Author's note: For a more extensive discussion, see Brandon J. Murrill, “U.S. Withdrawal from Free Trade Agreements: Frequently Asked Legal Questions,” Congressional Research Service, September 7, 2016.

This blog post was revised October 17, 2017.


1 Goldwater vs. Carter, 444 U.S. 996, 1979.

2 Note, however, that the Canada-US Reciprocity Treaty, in force between 1855 and 1866, was abrogated by a Congressional resolution with the assent of President Andrew Johnson. This bygone episode does not squarely address the president’s power, acting alone, to terminate a trade agreement.

3 Section 2 of H.R. 3450 defines a NAFTA country as Canada or Mexico so long as the United States applies NAFTA to that country.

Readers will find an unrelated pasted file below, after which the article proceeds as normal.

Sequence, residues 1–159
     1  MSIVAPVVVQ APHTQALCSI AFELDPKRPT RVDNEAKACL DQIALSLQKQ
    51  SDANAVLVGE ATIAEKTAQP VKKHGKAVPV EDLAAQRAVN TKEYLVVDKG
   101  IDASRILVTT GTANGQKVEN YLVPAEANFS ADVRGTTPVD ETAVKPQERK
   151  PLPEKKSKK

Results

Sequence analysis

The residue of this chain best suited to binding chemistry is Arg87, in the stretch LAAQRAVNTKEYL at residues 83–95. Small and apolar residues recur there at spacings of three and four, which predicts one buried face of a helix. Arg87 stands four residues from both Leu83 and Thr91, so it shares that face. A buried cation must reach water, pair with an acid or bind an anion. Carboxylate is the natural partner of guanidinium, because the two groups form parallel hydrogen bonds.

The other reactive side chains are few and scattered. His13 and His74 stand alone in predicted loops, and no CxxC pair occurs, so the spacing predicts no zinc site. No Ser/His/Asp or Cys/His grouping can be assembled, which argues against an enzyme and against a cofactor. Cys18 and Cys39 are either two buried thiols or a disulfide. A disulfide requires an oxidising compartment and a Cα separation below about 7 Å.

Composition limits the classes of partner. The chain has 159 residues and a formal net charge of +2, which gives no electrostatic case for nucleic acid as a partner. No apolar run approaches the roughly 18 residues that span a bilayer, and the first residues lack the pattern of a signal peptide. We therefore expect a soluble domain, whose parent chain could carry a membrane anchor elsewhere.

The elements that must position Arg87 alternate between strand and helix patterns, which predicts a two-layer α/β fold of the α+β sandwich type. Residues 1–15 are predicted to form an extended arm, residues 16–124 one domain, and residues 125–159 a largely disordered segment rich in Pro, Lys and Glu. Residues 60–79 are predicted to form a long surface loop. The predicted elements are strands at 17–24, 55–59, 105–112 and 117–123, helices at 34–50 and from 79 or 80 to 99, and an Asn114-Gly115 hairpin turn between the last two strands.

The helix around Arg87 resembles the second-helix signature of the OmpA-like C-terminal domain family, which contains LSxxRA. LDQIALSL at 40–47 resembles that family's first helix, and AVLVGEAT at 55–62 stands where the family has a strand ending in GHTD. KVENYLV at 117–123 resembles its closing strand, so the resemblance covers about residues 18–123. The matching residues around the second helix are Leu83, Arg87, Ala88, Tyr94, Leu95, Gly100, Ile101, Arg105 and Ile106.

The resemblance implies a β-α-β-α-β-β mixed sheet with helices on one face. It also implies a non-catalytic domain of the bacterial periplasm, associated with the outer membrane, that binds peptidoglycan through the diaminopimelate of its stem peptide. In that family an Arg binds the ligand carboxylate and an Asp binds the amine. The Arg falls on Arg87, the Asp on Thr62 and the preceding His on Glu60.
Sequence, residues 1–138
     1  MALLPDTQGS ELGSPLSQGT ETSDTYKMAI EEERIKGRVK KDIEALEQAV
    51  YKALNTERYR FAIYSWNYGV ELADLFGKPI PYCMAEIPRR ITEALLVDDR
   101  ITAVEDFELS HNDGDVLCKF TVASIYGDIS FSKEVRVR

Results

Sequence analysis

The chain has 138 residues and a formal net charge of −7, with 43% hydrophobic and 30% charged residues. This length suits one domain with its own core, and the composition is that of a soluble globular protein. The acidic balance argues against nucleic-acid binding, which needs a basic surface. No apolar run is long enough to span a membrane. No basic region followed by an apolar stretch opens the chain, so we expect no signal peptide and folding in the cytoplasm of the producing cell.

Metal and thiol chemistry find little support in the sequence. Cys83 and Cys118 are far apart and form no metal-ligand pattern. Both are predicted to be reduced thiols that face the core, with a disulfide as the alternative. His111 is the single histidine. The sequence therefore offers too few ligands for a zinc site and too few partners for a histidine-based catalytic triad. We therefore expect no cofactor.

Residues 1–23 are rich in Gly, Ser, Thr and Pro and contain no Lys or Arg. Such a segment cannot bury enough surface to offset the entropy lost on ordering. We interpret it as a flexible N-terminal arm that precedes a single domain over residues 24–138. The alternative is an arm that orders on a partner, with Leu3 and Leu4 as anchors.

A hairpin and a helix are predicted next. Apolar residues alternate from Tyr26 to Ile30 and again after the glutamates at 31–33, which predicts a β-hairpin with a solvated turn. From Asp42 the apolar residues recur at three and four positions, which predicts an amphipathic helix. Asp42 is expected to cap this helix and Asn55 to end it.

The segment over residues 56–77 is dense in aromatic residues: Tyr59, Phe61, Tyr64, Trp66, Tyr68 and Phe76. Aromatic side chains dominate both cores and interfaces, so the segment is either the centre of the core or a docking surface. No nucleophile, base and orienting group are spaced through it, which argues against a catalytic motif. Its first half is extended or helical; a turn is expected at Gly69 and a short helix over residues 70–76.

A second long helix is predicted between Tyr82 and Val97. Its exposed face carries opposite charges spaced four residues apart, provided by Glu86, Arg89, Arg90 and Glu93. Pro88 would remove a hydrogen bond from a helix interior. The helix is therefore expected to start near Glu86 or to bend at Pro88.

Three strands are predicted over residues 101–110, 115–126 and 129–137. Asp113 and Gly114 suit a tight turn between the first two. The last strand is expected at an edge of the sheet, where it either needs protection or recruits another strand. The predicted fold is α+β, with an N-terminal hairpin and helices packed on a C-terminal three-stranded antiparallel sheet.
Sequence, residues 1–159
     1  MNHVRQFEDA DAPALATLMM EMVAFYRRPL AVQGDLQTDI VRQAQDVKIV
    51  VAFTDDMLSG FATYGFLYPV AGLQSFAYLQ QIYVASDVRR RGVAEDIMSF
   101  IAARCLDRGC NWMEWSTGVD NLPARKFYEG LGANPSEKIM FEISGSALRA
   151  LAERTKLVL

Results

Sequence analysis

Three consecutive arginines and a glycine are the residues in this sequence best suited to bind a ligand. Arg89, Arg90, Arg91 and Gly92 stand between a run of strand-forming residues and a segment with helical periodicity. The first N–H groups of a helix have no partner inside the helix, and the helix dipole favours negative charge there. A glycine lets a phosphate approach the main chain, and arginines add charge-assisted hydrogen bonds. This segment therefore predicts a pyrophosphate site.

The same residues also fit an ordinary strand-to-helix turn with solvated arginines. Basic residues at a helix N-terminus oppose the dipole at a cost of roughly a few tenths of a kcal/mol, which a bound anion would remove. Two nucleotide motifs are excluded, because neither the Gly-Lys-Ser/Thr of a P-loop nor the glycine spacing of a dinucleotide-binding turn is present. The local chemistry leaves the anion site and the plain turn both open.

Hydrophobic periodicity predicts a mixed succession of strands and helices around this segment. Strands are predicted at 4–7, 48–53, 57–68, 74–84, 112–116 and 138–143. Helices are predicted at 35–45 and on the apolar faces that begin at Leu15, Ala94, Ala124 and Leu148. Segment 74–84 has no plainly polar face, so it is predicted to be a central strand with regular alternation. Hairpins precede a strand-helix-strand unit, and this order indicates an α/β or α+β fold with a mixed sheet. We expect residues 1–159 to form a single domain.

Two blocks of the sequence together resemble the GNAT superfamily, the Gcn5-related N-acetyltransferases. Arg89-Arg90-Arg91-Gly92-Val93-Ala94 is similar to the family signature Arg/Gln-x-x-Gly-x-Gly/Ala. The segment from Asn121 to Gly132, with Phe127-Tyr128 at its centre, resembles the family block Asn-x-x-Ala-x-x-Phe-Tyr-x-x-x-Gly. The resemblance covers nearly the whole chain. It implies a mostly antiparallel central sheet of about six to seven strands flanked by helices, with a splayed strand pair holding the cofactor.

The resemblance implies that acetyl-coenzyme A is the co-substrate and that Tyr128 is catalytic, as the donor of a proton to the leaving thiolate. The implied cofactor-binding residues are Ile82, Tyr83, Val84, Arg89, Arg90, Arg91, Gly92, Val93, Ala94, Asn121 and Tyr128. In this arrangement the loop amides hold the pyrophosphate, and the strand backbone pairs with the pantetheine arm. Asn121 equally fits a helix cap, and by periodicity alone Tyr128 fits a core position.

4 The MFN rates are set forth in column 1 of the US harmonized tariff schedule.

5 Section 107 of H.R. 3450 sets out the interaction between NAFTA and CUSFTA.


John B. McNeece III


In his thoughtful essay, Gary Hufbauer focuses on the question “Can the president withdraw the United States from the agreement, and rewrite U.S. commercial relations with Mexico and Canada, without the assent of Congress and the courts?” His answer: “Very likely, yes.” I respectfully disagree with Mr. Hufbauer’s position and contend that Congress must approve a withdrawal from NAFTA.  

NAFTA was approved as a congressional-executive agreement by means of the North American Free Trade Agreement Implementation Act.  Since it was approved by act of Congress, it should be terminated (through withdrawal) only by act of Congress, unless the President has the power to withdraw either by grant of authority from Congress or from the Constitution itself. But the President does not have authority unilaterally to withdraw from NAFTA on either basis.